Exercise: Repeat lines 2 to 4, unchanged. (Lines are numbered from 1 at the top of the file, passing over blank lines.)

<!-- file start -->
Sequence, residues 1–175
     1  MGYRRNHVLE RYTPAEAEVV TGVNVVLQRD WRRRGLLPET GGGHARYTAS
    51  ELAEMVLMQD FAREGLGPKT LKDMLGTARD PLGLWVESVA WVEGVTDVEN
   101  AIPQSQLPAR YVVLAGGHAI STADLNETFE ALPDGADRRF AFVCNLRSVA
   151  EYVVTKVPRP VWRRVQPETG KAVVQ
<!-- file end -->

     1  MGYRRNHVLE RYTPAEAEVV TGVNVVLQRD WRRRGLLPET GGGHARYTAS
    51  ELAEMVLMQD FAREGLGPKT LKDMLGTARD PLGLWVESVA WVEGVTDVEN
   101  AIPQSQLPAR YVVLAGGHAI STADLNETFE ALPDGADRRF AFVCNLRSVA